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Developing a franchise in France


Opening a franchise can be an attractive option for entrepreneurs who want to benefit from the reputation and marketing strategy of an established company. In France, specific legal requirements must be followed to develop a franchise.

What is a Franchise under french law ?

In French law, a franchise is a commercial contract between two parties, the franchisor and the franchisee. The franchisor is the company that owns a trademark, brand, or know-how that it allows the franchisee to use to operate a business in exchange for certain benefits. The franchisee is the entrepreneur who operates the business using the franchisor’s trademark, brand, or know-how, for a fee or a percentage of sales.

French law does not provide for any special legislation for franchises. They are subject to common contract law, as well as articles L330-3 and R330-1 et seq. of the French Commercial Code. The European Deontology Code of “Good Conduct for the Users of the Franchise in Europe” may also apply.

There are three types of franchise contracts: production franchise, distribution franchise, and service franchise.

A production franchise allows the franchisee to access the franchisor’s manufacturing know-how. The franchisee is authorized to sell products under the franchisor’s brand.

A distribution franchise allows the franchisee to sell the franchisor’s products in a point of sale bearing the company’s brand.

A service franchise is similar to a distribution franchise, but concerns service offerings. The franchisee is authorized to sell services under the franchisor’s brand.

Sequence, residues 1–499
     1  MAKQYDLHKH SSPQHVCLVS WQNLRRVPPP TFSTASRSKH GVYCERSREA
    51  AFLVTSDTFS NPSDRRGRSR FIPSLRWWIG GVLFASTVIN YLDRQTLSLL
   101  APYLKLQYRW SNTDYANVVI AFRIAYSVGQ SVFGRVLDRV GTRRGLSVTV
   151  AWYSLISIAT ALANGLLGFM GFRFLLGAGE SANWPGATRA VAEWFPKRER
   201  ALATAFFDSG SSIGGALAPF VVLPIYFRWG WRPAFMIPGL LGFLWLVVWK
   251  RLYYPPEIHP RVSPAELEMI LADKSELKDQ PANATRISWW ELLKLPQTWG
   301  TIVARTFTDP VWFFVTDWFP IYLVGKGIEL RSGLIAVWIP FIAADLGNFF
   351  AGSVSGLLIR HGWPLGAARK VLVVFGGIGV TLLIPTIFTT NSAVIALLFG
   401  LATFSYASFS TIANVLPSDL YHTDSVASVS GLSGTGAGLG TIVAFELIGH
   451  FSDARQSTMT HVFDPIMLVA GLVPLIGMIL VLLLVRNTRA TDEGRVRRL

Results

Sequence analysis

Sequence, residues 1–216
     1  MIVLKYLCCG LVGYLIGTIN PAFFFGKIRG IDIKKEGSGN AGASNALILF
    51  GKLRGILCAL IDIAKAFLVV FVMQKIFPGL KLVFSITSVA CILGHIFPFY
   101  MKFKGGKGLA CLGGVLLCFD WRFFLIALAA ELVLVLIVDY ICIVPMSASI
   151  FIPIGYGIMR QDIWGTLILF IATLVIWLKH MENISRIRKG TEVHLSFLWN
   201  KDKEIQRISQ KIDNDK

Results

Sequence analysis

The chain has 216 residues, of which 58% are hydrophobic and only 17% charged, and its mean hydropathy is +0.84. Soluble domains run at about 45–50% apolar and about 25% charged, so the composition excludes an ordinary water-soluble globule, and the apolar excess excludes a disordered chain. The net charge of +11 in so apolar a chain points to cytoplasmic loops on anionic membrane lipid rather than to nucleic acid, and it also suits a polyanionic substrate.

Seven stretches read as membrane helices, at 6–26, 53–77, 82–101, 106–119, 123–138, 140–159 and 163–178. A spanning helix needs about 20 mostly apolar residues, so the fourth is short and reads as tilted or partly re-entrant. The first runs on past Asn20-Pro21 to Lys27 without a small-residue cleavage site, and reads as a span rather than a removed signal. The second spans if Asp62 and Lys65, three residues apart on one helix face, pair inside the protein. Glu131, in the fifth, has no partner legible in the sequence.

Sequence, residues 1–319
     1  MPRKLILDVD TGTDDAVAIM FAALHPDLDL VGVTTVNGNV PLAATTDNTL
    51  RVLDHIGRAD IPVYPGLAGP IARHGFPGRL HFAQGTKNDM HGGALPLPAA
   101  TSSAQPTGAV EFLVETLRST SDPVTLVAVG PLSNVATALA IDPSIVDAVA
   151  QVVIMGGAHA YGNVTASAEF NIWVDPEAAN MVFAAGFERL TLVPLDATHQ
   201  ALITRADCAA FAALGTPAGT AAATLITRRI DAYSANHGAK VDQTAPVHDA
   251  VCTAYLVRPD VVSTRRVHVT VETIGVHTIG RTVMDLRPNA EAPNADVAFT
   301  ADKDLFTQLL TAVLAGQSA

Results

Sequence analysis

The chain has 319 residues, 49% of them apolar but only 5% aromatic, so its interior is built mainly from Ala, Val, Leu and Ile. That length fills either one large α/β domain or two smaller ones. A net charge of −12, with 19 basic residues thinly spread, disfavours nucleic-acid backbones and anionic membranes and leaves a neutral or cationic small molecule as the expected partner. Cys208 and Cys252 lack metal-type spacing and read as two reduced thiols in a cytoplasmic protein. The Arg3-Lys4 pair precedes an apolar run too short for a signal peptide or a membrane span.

Factors to consider for your project

Finding the right Franchise

The first step in opening a franchise is finding the right one for you.

Contacting the Franchise

Once you have found a franchise that interests you, you will need to contact the company to learn more about the process of opening a franchise.

Examining the legal documentation

After contacting the franchise, you will receive an information folder that contains details on the rights and obligations of franchisees. This is an important document that should be carefully examined by a specialized lawyer. The information folder should contain information on costs, fees, training, marketing and advertising obligations, management requirements, contract duration, and terms of renewal or termination.

Evaluating costs

Opening a franchise often involves significant costs, including initial fees, training fees, royalties, and marketing costs. You must be able to evaluate these costs to determine if you have the financial means to open and maintain a franchise.

Creating the Franchise

Choosing the legal status and creating the business

As with any business creation, it is important to choose the legal status under which the activity will be carried out when creating a franchise business. This choice must be made taking into account various criteria such as the nature of the activity, the number of associates, the tax system, the social protection of the manager, and other relevant factors.